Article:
Africa Cup of Nations 2013: Cape Verde revel in being underdog role

Africa Cup of Nations 2013: Cape Verde prepare to take on tournament big guns Ghana in quarter-finals

By Sportsbeat

Watching Cape Verde manager Lucio Antunes give his media conference ahead of Saturday’s quarter-final clash against Ghana, you couldn’t help but cheer him on.

The full-time air traffic controller spoke with almost childlike enthusiasm as he pretended that the Special One himself, José Mourinho, was helping him plan a defeat of the Black Stars.

And as he picked up his Portuguese translator’s phone to pretend that Mourinho was on the line, Antunes reminded everybody of why Cape Verde is everybody’s second team this tournament.

For many, the Blue Sharks represent the plucky minnow side made good, gloriously riding their luck and ready to be snuffed out by the highly-touted Ghanaians.

Yet despite being the least populous nation at the tournament, the Creoles have recruited well from their expatriate community and now reside just outside Fifa’s top 50 in the rankings.

The perceived whipping boys of Group A possessed a streak of defensive steel, courtesy of the France-based Nando and Fernando Varela of Romanian side FC Vaslui.

And if they can frustrate the resurgent Asamoah Gyan, Antunes might yet find himself holding court to a pack of astounded journalists once again.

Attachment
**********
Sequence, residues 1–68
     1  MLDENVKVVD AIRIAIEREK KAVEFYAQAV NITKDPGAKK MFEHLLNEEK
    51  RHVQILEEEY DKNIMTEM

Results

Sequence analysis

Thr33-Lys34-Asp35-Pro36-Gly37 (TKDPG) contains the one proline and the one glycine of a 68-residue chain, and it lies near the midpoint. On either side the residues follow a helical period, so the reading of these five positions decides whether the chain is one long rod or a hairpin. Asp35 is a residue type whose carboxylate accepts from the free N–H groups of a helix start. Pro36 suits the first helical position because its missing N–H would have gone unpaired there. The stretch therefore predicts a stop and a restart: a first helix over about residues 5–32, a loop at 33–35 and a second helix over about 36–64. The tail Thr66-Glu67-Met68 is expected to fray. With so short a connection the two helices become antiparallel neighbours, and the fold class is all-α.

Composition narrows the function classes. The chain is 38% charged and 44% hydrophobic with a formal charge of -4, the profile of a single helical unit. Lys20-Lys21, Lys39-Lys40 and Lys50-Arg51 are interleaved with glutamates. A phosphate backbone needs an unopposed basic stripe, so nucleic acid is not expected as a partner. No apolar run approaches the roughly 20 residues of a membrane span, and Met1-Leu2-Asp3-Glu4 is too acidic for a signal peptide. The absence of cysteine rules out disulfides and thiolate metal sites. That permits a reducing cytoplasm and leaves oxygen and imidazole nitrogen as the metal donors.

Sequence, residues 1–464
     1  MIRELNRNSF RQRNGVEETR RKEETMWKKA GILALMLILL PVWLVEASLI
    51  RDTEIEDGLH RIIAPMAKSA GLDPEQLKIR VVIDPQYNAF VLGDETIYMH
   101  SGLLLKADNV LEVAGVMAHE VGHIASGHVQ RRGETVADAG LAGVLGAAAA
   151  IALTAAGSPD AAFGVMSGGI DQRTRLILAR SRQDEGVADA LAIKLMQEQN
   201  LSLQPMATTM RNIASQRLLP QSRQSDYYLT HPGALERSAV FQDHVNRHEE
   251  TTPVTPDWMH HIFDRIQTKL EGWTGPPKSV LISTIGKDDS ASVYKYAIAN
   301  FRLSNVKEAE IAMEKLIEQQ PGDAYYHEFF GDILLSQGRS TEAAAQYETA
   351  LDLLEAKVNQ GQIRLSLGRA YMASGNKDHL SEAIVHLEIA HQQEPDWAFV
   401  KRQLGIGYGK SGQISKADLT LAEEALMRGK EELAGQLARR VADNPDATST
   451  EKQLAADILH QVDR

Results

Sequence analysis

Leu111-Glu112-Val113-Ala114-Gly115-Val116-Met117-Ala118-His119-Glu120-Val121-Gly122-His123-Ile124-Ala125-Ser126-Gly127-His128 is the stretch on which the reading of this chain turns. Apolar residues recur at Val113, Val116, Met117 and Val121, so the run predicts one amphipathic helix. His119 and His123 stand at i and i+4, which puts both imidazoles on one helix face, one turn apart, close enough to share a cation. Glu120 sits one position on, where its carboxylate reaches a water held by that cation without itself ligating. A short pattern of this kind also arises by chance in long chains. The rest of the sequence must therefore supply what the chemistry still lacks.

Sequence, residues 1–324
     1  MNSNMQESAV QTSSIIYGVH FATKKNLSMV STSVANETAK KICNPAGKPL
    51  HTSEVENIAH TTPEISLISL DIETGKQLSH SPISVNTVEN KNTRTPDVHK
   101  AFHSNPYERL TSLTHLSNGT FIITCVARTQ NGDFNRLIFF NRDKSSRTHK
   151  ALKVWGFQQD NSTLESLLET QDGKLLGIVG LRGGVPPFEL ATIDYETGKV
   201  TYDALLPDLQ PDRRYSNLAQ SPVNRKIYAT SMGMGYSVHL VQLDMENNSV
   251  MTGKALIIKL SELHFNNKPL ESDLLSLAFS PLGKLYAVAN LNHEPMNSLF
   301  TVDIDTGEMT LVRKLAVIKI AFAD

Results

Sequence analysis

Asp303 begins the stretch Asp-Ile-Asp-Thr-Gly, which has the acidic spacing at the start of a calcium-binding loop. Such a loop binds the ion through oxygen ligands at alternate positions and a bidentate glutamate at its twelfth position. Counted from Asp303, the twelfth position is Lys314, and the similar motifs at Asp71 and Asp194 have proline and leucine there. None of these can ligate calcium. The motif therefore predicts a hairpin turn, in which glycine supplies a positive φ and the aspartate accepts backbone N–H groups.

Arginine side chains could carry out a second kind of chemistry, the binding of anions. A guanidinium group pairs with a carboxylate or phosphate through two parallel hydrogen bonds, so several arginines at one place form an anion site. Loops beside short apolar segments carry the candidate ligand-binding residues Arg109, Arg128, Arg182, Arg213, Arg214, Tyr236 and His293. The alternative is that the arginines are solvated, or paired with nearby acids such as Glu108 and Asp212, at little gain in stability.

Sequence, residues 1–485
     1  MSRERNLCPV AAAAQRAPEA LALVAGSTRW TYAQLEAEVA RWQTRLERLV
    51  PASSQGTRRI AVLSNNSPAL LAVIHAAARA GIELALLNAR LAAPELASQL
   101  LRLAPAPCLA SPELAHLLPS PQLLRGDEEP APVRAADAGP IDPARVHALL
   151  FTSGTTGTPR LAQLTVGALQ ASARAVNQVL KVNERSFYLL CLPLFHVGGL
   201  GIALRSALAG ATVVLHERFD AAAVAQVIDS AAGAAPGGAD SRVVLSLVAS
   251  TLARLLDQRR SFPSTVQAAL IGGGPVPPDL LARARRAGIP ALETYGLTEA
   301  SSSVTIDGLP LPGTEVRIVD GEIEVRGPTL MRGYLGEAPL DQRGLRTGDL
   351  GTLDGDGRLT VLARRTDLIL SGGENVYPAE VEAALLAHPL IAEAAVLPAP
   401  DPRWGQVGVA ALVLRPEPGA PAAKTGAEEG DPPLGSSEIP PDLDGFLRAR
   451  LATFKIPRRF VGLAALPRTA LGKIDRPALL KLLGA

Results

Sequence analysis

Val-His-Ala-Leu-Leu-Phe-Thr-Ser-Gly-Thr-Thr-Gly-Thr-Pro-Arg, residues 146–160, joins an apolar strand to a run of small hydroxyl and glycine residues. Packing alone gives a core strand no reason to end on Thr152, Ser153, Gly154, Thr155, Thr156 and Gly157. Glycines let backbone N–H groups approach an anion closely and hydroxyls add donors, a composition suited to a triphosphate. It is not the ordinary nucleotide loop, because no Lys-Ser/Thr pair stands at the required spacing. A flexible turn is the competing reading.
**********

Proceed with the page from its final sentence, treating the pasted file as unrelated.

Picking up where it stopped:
For Ghana coach Kwesi Appiah, Gyan remains the problem and the solution to all the Black Stars’ problems.

Strangely blunted against the lacklustre Congolese and a stubborn Mali side, Gyan suddenly and dramatically burst into life against the limited Niger, tormenting the Mena Stars in an all-action performance.

It is very much a question of which Gyan turns up on the night –if he can emulate his previous performance, even the sturdy Cape Verdean back line will be troubled.

But for Appiah’s men, a nation expects – consistently the bridesmaids of the Africa Cup of Nations, last year’s semi-finalists haven’t won the tournament since 1982.

Yet their progress has been fitful, and they have only shown flashes of the slick short-passing game which took them to the World Cup quarter-finals only two years ago.

And shorn of defensive generals John Mensah and Michael Essien they are defensively vulnerable – a fact shown when they relinquished a two-goal lead to DR Congo.

Against the opportunistic Creoles, these frailties may be exposed again – and if they are, the Ghanaian public might not forgive another near miss at what is rapidly becoming the team’s white whale.

So come the this clash, it might simply be a question of whether the Black Stars – and Gyan – can hold their nerve.


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